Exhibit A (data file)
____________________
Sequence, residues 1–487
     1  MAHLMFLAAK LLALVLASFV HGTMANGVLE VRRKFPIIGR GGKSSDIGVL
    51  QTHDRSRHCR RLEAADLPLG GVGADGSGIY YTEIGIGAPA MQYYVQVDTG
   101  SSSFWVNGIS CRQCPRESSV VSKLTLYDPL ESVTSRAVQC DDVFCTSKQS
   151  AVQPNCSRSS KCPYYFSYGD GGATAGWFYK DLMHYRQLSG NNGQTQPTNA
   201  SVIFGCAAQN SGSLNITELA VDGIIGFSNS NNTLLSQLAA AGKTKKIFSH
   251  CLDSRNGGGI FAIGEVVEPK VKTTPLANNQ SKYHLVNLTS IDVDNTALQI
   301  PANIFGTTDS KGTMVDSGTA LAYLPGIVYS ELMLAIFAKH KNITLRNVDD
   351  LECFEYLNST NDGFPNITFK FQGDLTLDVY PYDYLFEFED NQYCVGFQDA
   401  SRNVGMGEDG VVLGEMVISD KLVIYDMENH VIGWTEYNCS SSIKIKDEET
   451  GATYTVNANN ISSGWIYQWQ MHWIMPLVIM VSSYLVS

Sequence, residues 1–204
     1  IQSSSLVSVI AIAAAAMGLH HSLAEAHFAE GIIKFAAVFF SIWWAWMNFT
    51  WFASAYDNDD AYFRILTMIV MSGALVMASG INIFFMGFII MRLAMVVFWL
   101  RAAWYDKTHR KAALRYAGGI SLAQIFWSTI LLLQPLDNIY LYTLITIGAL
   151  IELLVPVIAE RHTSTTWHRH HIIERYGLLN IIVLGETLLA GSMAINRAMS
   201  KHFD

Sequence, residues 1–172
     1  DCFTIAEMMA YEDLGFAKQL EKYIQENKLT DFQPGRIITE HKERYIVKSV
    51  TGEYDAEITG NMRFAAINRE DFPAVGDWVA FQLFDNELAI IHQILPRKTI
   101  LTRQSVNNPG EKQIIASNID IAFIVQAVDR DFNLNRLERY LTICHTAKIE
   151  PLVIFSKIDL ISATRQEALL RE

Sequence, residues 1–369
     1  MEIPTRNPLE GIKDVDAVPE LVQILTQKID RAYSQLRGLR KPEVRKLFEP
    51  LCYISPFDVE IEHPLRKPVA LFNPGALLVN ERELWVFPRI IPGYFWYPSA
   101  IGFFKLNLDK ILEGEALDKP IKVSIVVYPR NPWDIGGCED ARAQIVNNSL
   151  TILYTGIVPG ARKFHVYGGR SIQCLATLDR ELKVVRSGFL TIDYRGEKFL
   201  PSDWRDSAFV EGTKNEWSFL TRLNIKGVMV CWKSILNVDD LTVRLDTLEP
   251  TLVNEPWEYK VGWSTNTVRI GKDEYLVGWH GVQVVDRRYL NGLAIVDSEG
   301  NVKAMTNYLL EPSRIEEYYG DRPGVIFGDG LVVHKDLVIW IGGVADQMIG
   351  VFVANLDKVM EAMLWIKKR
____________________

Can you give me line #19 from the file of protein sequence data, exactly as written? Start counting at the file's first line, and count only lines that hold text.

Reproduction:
     1  DCFTIAEMMA YEDLGFAKQL EKYIQENKLT DFQPGRIITE HKERYIVKSV